Most fitness drinks are formulated to replenish your body’s electrolytes, vitamins, and carbohydrates after a tough work out.
Yet, many people don’t require the huge amount of sodium, sugar, and other additives in many fitness drinks, even after working out. Because most fitness drinks are marketed as healthy beverages, people trust that when they drink them, they can’t possibly be harming their bodies with an overload of salt and sugar.
Read on to learn more about fitness drinks, and if they can often do more bad than good to your body.
- Why is Too Much Sodium a Problem?
- Why is Too Much Sugar a Problem?
- What other Additives are in Most Fitness Drinks?
- What are the Alternatives to Fitness Drinks?
Why is Too Much Sodium a Problem?
Though your body requires sodium to recover from electrolyte loss through sweating, too much sodium can cause health problems like high blood pressure. Since 90% of Americans get too much sodium as it is, if you don’t do a lot of strenuous exercise, you should probably avoid most fitness drinks.
For example, if a sports drink contains about 200mg of sodium per serving, which is about 8% of your daily value, this would provide an excellent way to recover from a large amount of sweat loss. For the average person, this much sodium per serving could do more bad than good. This is especially true if you consume fitness drinks regularly, whether you work out or not.
Why is Too Much Sugar a Problem?
According to a recent study, Americans now consume 19% more added sugar in their daily diet than they did in 1970. This added sugar can increase your body fat as well as put you at risk for heart disease due to a high level of blood fats.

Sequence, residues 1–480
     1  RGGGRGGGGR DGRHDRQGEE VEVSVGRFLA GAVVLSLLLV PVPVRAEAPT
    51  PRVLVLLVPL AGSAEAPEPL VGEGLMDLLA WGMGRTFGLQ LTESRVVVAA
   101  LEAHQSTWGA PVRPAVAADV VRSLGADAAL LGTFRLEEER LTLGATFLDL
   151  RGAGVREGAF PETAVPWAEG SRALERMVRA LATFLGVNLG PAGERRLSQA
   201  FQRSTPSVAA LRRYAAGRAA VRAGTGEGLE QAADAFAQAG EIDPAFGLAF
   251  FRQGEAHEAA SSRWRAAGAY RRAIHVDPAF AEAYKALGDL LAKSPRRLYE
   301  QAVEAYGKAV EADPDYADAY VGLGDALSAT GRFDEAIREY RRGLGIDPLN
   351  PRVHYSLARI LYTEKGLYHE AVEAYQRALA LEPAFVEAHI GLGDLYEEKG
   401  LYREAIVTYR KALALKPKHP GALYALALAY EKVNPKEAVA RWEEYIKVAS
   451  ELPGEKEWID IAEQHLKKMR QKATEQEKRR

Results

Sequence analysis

Many fitness drinks contain about 42g of sugar per serving. For the average person, the recommended daily value is about 32g, according to the Dietary Guidelines for Americans. While sugars and carbohydrates are necessary when you do a strenuous workout, for the average person, this amount of refined sugar can do a lot more harm than good.
What other Additives are in Most Fitness Drinks?
In addition to lots of salt and sugar, most fitness drinks also contain:
- Trans fats such as hydrogenated soybean and cottonseed oils
- Artificial dyes
- Sucrose and glucose-fructose syrups
- Citric acid (preservative)
Your body doesn’t require any of these artificial additives, so unless you are losing a lot of fluids due to extreme sweating or flu-like sickness, it’s best to stick with fitness drink alternatives. Read on to learn more about what these include.
What are the Alternatives to Fitness Drinks?
Simple water can provide necessary hydration for the average person. However, if you’re looking for something that has an electrolyte boost, essential vitamins and minerals and an all natural taste, try coconut water.
Coconut water contains all of the good things about fitness drinks without the added sugars, dyes or trans fats. At just 46 calories per serving, coconut water is also a low calorie, fat-free drink. What leading fitness drink can say that?
What do you drink to recover from a hard workout? Comment below!